Commodities have exploded in popularity over the last few years as investors have noticed the asset class's attributes. As a way to play rising inflation expectations and the growth of the emerging world, investor interest has resulted in record fund flows into natural resources. Add in the asset class's low correlations to traditional stocks and bonds, and it's no wonder why funds like the iShares S&P GSCI Commodity-Indexed Trust (ARCA:GSG), have now become portfolio standards. However, in all this excitement, investors often ignore one commodity. For those with longer timelines, blue gold could be one the best plays around.

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Liquid Assets
While investor focus has tilted towards corn and copper, water remains absent from many portfolios. However, that could be the wrong move over the long haul. Despite the fact that the substance covers much of the earth's surface, currently only about 3% of it is considered fresh and suitable for consumption. That small figured doesn't even take into the account that much of that fresh water is still locked in the polar ice caps.

At the same time, rising global populations are draining these supplies at exponentially increasing rates. According to the International Water Management Institute, water demand is expected to increase by 18% in developed countries by 2025. In the booming emerging world that number will jump by 50%. The U.N. Food and Agricultural Organization (FAO) estimates that, by 2025, over 1.8 billion people will live in regions with absolute water scarcity, and two-thirds of the global population will be under what the agency calls "water stress conditions." New sources of industrialization, consumerism and agriculture demand will continue to put pressures on the planet's already dwindling water supplies. Add these supply shortages to the insufficient distribution networks, rising pollution and the lack of treatment systems and you have a recipe for rising prices.

Just how expensive? The American Water Works Association (AWWA) predicts the cost of repairing and expanding water infrastructure in the U.S. will top $1 trillion over the next 25 years. The group estimates that those infrastructure costs will nearly triple the size of a typical family's water bill, adding on between $300 and $500 per year above current costs. Likewise, China will spend nearly $50 billion on water treatment systems and flood control projects, and India has plans for large irrigation projects that will divert rivers and soak dry farmland. Analysts at Citigroup (NYSE:C) predict a globally integrated market for fresh water within 25 to 30 years, that will include spot pricing and futures exchanges. All of these things will ultimately boost prices for end-users.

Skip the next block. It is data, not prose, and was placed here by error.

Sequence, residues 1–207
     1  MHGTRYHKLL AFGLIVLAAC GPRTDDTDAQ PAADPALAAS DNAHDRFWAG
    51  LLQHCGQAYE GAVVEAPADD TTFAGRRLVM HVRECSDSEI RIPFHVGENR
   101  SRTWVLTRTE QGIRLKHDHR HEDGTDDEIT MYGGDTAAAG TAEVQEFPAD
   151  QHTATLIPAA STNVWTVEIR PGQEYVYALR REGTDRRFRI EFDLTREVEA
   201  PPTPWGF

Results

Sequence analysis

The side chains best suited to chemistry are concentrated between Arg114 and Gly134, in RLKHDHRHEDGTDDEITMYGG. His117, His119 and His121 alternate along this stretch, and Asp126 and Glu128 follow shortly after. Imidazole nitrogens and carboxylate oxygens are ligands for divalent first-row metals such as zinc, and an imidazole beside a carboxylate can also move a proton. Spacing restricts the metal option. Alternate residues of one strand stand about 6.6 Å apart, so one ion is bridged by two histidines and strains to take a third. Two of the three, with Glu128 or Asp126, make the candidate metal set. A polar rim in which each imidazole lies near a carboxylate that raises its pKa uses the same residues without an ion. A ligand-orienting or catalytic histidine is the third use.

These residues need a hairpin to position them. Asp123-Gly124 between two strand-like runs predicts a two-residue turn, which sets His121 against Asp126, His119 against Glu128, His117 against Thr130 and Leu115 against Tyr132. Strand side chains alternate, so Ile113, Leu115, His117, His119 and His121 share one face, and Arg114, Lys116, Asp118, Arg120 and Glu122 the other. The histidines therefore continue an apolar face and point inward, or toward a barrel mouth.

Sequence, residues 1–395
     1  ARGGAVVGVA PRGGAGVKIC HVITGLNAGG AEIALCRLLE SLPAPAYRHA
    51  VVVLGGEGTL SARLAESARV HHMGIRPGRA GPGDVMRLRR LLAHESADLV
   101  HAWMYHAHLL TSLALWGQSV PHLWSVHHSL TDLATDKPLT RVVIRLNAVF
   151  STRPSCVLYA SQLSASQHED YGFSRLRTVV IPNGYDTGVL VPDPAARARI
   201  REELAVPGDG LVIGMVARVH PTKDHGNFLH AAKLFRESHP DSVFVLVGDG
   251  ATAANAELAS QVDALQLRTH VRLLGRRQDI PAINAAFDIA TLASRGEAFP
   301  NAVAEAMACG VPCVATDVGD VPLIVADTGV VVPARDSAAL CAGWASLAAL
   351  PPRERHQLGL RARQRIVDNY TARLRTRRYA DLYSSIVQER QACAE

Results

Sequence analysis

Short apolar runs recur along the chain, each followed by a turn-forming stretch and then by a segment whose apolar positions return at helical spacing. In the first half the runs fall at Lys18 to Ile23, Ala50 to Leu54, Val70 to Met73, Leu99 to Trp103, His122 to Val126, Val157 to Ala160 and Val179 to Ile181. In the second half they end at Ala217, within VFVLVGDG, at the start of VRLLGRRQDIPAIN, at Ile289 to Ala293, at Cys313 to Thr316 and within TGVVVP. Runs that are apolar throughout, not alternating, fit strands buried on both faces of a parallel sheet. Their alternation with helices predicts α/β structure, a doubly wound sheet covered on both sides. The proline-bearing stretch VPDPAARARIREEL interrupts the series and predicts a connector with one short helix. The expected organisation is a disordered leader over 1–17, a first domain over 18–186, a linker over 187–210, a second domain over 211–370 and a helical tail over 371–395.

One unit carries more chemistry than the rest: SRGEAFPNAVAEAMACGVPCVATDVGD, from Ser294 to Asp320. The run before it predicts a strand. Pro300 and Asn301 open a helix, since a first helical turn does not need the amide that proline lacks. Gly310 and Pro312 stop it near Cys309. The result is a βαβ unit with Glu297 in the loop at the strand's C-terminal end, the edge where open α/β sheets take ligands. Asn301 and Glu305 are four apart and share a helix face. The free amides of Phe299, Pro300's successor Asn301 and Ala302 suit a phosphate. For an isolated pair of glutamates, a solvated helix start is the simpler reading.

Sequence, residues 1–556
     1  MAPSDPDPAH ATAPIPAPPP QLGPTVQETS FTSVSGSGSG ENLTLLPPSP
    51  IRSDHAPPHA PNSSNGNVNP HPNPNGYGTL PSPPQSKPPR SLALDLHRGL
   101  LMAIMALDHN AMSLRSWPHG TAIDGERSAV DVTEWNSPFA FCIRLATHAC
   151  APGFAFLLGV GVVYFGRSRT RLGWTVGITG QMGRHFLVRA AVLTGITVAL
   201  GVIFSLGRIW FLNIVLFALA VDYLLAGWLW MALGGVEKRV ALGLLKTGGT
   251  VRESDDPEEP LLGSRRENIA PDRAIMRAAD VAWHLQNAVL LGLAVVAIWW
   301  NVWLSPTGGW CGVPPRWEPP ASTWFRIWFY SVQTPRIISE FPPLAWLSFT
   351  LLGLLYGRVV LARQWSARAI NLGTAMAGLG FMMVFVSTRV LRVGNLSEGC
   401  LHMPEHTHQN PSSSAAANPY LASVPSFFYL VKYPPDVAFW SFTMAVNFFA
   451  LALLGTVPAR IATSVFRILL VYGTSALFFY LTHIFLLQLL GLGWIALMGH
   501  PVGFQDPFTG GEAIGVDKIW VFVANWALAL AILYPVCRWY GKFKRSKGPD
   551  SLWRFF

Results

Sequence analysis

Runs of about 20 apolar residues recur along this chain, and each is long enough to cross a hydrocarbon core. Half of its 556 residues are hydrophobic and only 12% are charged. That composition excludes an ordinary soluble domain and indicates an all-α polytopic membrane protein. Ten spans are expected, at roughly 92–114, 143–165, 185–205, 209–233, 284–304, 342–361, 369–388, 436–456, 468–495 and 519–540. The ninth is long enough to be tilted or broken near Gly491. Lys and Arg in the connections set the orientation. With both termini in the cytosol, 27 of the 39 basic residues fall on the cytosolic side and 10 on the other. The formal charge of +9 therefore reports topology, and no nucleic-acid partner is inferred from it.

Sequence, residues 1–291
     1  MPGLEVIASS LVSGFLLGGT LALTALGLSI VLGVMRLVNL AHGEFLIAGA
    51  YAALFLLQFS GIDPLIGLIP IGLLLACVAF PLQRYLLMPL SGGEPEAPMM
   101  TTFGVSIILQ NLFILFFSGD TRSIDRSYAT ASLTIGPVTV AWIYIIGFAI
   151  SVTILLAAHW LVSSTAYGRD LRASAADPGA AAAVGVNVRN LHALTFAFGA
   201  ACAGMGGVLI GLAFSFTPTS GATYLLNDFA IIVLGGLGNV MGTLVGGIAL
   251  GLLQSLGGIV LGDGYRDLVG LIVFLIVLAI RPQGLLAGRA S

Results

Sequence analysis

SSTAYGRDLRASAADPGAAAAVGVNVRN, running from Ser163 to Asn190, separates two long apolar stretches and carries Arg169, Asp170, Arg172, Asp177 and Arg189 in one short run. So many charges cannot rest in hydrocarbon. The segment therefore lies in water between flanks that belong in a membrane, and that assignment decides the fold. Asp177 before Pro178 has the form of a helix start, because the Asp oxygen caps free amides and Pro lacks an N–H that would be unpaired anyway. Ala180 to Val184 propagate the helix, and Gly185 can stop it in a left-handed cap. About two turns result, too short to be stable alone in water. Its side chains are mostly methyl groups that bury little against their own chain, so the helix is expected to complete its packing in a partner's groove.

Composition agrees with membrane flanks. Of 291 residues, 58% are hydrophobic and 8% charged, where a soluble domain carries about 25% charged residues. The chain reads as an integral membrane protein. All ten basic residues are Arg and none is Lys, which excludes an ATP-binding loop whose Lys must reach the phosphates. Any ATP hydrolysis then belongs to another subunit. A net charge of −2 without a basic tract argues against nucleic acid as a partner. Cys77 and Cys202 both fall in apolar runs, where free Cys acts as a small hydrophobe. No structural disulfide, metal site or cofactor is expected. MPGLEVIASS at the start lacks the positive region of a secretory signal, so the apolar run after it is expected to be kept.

SEE: Water: The Ultimate Commodity

Playing the Ignored Resource
For those investors with long-termed portfolios, water could be one of the better commodity values. Until there is a spot market for potable water, investors will have to settle for those firms that provide infrastructure, filtration, consumption and desalinization products like Pentair (NYSE:PNR). The PowerShares Water Resources ETF (ARCA:PHO) holds the bulk of the assets in the sector, at net assets around $895 million and remains one of the best broad choices for water investment. The fund tracks 29 different water-related firms, including Watts Water Technologies (NYSE:WTS) and pump-maker Flowserve (NYSE:FLS). So far, the ETF is up about 11% year-to-date. The Guggenheim S&P Global Water Index (ARCA:CGW) offers investors a broad global approach.

There may be another way for investors to gain from exposure to water. Insurer PICO Holdings (Nasdaq:PICO) and avocado grower Limoneira (Nasdaq:LMNR) may not seem like water plays, but both hold vast amounts of water rights underneath their properties. With operations in drought-stricken Arizona and California, both firms are sitting on a virtual ocean of future profits.

SEE: Introduction To Exchange-Traded Funds

The Bottom Line
As commodities have gain prominence in portfolios, water has continued to be widely ignored. However, that could be a major mistake long term. Increasing demand and dwindling supplies will make for some nasty conditions going forward. Ultimately, that will drive up prices. Betting on the sector now could lead to big profits. The proceeding picks, along with Xylem (NYSE:XYL), make ideal choices.

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At the time of writing, Aaron Levitt did not own shares in any of the companies mentioned in this article.

Tickers in this Article: GSG, C, PNR, PHO, WTS, FLS, CGW, PICO, LMNR, XYL

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